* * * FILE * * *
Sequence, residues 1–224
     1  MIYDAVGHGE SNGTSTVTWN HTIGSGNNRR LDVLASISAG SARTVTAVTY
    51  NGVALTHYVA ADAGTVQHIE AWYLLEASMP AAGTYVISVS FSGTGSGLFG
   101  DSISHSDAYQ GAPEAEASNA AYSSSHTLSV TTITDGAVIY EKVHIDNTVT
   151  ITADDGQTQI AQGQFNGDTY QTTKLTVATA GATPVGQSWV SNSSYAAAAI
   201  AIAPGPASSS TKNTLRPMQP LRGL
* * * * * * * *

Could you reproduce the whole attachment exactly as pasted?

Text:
Sequence, residues 1–224
     1  MIYDAVGHGE SNGTSTVTWN HTIGSGNNRR LDVLASISAG SARTVTAVTY
    51  NGVALTHYVA ADAGTVQHIE AWYLLEASMP AAGTYVISVS FSGTGSGLFG
   101  DSISHSDAYQ GAPEAEASNA AYSSSHTLSV TTITDGAVIY EKVHIDNTVT
   151  ITADDGQTQI AQGQFNGDTY QTTKLTVATA GATPVGQSWV SNSSYAAAAI
   201  AIAPGPASSS TKNTLRPMQP LRGL